2

Does the kind of algorithm used to hash passwords have any advantages or disadvantages in a dictionary attack? i.e. SHA256, MD5, etc. or is it just the dictionary that is used by the attacker matters?

As far as I can understand, the hashing algorithm does not have any effect on protection against the dictionary attack like John the ripper.

6

In brute force dictionary attacks the speed of the algorithm essentially defines how many passwords can be checked within a specific time. The fewer passwords can be checked the better the algorithm protects against brute force. That's why proper password hashing algorithms are deliberately slow, unlike plain MD5 or SHA256.

Additionally proper password hashes use a random salt so that it is impossible to reuse a precalculated mapping between password and hash.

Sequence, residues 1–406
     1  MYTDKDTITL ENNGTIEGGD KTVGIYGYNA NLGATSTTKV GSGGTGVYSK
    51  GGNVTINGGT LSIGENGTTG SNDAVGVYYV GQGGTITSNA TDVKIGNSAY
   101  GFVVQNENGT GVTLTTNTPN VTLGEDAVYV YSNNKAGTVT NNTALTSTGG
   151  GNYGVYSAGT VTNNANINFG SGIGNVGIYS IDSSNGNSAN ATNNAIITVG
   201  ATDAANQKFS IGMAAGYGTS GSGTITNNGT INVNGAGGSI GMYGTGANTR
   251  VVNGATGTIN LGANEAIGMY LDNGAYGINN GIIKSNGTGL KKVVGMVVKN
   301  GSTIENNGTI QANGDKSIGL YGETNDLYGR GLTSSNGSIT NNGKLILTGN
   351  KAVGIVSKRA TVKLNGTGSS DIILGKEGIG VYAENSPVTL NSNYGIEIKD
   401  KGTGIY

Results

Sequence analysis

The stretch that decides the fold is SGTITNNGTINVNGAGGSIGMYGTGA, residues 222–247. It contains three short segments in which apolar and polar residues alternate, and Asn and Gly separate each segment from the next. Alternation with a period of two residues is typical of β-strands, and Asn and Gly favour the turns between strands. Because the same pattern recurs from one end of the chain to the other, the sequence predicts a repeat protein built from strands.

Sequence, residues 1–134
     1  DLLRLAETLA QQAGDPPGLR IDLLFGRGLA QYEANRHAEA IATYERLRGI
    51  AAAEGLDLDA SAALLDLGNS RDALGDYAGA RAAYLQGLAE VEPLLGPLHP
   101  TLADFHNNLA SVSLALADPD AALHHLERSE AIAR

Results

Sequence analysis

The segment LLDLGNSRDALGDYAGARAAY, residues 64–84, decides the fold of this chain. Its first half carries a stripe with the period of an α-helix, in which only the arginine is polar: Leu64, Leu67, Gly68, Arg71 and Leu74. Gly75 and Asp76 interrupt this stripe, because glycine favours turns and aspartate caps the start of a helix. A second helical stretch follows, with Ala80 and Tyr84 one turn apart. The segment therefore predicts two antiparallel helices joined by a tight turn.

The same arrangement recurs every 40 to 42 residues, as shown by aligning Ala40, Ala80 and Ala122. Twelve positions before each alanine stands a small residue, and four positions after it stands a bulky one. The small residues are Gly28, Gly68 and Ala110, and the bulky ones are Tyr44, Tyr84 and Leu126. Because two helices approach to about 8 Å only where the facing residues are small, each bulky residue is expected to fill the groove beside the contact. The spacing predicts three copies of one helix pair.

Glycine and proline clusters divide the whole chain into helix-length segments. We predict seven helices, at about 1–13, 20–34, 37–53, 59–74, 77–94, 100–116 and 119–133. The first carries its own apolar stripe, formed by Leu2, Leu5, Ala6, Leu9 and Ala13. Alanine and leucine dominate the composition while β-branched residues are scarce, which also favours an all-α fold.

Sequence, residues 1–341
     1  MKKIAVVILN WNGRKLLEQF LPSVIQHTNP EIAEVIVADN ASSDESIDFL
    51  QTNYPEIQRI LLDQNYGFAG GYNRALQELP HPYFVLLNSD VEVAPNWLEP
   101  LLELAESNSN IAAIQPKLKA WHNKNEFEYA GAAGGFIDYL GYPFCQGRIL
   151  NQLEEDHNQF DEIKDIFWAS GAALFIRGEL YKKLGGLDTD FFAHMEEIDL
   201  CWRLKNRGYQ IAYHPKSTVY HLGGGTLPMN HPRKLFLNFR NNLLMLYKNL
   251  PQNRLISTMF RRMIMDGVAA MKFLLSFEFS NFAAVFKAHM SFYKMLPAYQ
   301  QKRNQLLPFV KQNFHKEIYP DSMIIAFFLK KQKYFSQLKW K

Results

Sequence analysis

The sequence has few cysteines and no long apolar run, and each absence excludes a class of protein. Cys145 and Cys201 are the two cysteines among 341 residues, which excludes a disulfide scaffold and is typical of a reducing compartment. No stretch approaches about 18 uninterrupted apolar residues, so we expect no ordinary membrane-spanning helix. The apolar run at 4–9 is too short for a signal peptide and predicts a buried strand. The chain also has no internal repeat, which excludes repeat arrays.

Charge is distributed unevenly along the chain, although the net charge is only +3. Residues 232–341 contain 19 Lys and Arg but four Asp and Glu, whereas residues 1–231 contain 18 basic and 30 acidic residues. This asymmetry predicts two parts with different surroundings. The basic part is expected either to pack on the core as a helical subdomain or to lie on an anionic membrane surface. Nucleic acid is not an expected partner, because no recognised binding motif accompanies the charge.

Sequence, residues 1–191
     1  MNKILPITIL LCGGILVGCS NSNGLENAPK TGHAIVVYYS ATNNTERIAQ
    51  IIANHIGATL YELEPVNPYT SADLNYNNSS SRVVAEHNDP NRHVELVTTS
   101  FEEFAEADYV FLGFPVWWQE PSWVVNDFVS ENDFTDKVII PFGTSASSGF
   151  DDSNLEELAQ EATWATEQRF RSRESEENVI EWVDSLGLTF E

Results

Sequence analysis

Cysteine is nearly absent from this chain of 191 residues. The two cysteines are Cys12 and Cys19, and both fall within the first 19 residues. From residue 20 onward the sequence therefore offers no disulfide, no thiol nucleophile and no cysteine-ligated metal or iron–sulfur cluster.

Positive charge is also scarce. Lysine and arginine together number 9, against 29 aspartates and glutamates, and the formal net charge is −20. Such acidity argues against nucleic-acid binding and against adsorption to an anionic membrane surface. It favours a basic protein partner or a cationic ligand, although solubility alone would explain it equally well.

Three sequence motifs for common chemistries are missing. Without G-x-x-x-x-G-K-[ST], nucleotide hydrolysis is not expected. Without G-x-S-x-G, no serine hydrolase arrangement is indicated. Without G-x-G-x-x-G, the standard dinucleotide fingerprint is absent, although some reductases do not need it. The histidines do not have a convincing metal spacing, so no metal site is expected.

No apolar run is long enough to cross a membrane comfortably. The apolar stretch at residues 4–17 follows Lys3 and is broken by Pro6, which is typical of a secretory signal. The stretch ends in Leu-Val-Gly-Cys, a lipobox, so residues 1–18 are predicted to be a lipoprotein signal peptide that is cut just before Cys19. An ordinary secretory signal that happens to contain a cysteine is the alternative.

For more see How to securely hash passwords?.

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The hashing algorithm can determine how many hashes per minute the attacker can attempt (speed).

The success rate of cracked hashes is determined by the "quality" of the dictionary and any mutation rules and the strength of the users passwords.

A faster algorithm can afford an attacker to use a larger dictionary or use broader rules which can increase the likelihood of successfully cracking more passwords in the same amount of time.

The best protection against offline attacks (brute force and dictionary) is to use a time costly hashing algorithm like script, pbkdf2 or bcrypt.

  • I would suggest to add Argon2 too – CDRohling Feb 17 at 11:05
  • Against massive parallelization with GPU, FPGA, and ASIC, one should prefer Scrypt and/or Argon2id. – kelalaka Feb 18 at 10:39

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